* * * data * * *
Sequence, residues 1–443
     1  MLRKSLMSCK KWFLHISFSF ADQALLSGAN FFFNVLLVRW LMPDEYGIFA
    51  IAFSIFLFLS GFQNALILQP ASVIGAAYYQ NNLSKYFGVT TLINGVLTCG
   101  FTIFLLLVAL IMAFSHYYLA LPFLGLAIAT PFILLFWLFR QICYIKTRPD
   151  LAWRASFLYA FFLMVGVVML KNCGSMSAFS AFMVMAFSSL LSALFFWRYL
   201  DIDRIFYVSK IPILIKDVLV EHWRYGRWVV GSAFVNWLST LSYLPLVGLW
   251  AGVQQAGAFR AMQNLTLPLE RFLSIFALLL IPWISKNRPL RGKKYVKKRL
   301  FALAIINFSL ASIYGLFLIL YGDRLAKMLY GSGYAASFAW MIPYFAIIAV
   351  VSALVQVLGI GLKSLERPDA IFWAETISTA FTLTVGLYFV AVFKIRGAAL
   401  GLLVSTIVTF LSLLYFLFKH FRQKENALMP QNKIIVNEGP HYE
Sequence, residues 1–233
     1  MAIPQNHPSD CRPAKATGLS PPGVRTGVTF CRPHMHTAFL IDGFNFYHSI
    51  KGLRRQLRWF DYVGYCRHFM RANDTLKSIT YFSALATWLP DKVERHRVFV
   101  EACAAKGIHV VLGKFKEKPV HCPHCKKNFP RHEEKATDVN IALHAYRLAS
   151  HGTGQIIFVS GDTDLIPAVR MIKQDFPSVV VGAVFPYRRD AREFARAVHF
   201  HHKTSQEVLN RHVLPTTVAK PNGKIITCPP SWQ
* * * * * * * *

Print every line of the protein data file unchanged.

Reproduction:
Sequence, residues 1–443
     1  MLRKSLMSCK KWFLHISFSF ADQALLSGAN FFFNVLLVRW LMPDEYGIFA
    51  IAFSIFLFLS GFQNALILQP ASVIGAAYYQ NNLSKYFGVT TLINGVLTCG
   101  FTIFLLLVAL IMAFSHYYLA LPFLGLAIAT PFILLFWLFR QICYIKTRPD
   151  LAWRASFLYA FFLMVGVVML KNCGSMSAFS AFMVMAFSSL LSALFFWRYL
   201  DIDRIFYVSK IPILIKDVLV EHWRYGRWVV GSAFVNWLST LSYLPLVGLW
   251  AGVQQAGAFR AMQNLTLPLE RFLSIFALLL IPWISKNRPL RGKKYVKKRL
   301  FALAIINFSL ASIYGLFLIL YGDRLAKMLY GSGYAASFAW MIPYFAIIAV
   351  VSALVQVLGI GLKSLERPDA IFWAETISTA FTLTVGLYFV AVFKIRGAAL
   401  GLLVSTIVTF LSLLYFLFKH FRQKENALMP QNKIIVNEGP HYE
Sequence, residues 1–233
     1  MAIPQNHPSD CRPAKATGLS PPGVRTGVTF CRPHMHTAFL IDGFNFYHSI
    51  KGLRRQLRWF DYVGYCRHFM RANDTLKSIT YFSALATWLP DKVERHRVFV
   101  EACAAKGIHV VLGKFKEKPV HCPHCKKNFP RHEEKATDVN IALHAYRLAS
   151  HGTGQIIFVS GDTDLIPAVR MIKQDFPSVV VGAVFPYRRD AREFARAVHF
   201  HHKTSQEVLN RHVLPTTVAK PNGKIITCPP SWQ